CMMC Rulemaking Updates: 7 Things You Need to Know (Updated November 2023)

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    The Department of Defense (DoD) announced CMMC 2.0 in November 2021 and estimated that it would take 9–24 months to codify the program via rulemaking.

    24 months later in November 2023, the regulatory review process is complete and the CMMC rule should be published by mid-to-late-December.

    Here are 7 things you need to know about the status of the CMMC rule:

    TL;DR:

    The CMMC rule should be published as a proposed rule by mid-to-late December 2023 followed by a 60-day public comment period that could be extended due to the large size of the rule. Once DoD responds to public comments via a “final rule” the CMMC program will go into effect (and into contracts) in Q1 2025.

    7 Things to Know About the Status of the CMMC Rule

    1. Regulatory review of the CMMC rule complete. 

    All executive branch regulations (“rules”) must be reviewed by the Office of Information and Regulatory Affairs (OIRA) as part of the regular rulemaking process.

    DoD officially submitted the CMMC rule to the OIRA on July 24th, 2023.

    “The rule” consists of eight CMMC model documents and the core of the “program rule” itself.

    As of November 22nd, 2023, OIRA has completed their review of all nine CMMC model documents, clearing the way for publication.

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    2. The CMMC rule should be published by mid-December 2023. 

    By default, OIRA has 90 days to review agency rules and decide whether to send a rule back for revisions or forward for publication in the Federal Register.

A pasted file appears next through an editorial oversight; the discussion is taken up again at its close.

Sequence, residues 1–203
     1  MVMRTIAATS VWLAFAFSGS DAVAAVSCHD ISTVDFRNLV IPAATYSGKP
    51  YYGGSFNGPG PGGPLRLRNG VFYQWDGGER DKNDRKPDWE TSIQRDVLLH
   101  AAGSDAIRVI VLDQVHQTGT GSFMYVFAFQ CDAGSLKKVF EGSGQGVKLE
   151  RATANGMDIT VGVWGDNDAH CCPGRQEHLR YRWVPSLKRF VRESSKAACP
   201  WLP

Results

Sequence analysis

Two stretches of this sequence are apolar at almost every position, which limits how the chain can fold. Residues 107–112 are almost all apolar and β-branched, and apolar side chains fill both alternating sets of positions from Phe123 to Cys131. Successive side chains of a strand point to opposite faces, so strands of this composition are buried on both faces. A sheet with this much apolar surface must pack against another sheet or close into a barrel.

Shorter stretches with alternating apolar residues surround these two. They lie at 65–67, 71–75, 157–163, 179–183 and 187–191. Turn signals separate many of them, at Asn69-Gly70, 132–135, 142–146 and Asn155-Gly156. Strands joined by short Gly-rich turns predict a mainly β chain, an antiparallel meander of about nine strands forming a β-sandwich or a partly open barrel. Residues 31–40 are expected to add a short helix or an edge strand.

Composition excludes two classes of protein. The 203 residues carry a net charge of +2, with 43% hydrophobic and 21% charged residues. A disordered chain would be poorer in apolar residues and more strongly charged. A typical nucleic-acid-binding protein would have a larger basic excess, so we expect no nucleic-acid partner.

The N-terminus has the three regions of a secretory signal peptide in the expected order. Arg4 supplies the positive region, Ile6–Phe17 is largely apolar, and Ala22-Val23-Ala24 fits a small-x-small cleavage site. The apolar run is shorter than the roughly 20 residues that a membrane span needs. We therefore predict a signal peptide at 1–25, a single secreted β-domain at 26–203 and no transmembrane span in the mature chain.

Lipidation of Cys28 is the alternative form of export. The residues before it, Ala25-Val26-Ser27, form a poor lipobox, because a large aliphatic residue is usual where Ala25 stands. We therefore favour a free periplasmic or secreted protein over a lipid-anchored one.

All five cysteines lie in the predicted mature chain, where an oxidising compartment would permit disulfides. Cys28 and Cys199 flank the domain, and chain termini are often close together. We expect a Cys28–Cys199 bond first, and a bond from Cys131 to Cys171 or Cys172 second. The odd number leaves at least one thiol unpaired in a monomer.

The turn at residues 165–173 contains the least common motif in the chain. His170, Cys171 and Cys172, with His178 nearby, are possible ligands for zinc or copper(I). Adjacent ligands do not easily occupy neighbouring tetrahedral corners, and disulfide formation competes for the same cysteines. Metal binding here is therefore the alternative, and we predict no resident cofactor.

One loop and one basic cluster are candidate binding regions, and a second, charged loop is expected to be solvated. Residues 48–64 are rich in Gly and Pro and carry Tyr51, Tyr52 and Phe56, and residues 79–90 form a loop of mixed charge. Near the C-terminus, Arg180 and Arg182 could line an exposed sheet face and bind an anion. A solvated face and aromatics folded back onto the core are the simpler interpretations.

On average it has taken 66 business days for DoD rules to be reviewed and published so we should have seen the published CMMC rule in late October 2023.

    In late October, OIRA requested a one-time, 30-day extension for their review which pushed the review process, and subsequent publication, to the right – directly into the path of a narrowly avoided government shutdown and the Thanksgiving holiday.

    It can take 1-2 weeks for the Federal Register team to publish the text of a rule once it is received from OIRA.

    While there is still a chance for the CMMC rule to be published before the end of November 2023, we expect to see the rule published in the Federal Register by mid-December.

     

    3. The standard 60-day public comment period could be extended.

    60-day public comment periods are standard fare for federal rules and CMMC will be no exception.

    The comment period begins the day the rule is published in the Federal Register.

    The CMMC rule is rumored to be more than 150 pages long, so it won’t be surprising if DoD extends the comment deadline in response to demand.

    DoD extended the public comment period for the 2016 rule that revised DFARS clause 252.204-7012. Several other recent comment deadlines have also been extended.

    We expect the public comment period to be open in December 2023 and close in Q1 2024.

    4. Official updates from DoD will remain limited until the end of the public comment period.

    You may have noticed that DoD has been conspicuously absent from webinars, podcasts, interviews, and press releases despite the CMMC rule being on the verge of publication.

    Thanks to the quirkiness of the rulemaking process, the DoD is officially unable to speak about CMMC rulemaking until the OIRA review process is complete.

    Even after the publication of the CMMC rule, the DoD communications will be severely limited until the end of the public comment period in order to funnel all public interactions into the public comment process.